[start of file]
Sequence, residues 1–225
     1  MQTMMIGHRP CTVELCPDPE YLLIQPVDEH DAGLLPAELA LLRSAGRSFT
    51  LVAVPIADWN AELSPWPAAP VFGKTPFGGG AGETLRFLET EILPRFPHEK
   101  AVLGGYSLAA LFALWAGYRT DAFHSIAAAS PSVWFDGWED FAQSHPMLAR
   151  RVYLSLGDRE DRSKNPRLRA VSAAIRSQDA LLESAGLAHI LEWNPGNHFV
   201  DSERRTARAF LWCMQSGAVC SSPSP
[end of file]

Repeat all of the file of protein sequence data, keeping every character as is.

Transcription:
Sequence, residues 1–225
     1  MQTMMIGHRP CTVELCPDPE YLLIQPVDEH DAGLLPAELA LLRSAGRSFT
    51  LVAVPIADWN AELSPWPAAP VFGKTPFGGG AGETLRFLET EILPRFPHEK
   101  AVLGGYSLAA LFALWAGYRT DAFHSIAAAS PSVWFDGWED FAQSHPMLAR
   151  RVYLSLGDRE DRSKNPRLRA VSAAIRSQDA LLESAGLAHI LEWNPGNHFV
   201  DSERRTARAF LWCMQSGAVC SSPSP